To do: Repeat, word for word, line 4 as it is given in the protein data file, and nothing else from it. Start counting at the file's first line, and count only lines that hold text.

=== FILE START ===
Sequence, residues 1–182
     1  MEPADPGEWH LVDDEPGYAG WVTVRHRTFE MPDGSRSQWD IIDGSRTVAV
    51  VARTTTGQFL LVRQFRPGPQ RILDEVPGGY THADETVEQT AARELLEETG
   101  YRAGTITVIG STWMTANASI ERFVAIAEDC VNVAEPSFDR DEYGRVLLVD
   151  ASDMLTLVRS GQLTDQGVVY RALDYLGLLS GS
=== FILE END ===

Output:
   101  YRAGTITVIG STWMTANASI ERFVAIAEDC VNVAEPSFDR DEYGRVLLVD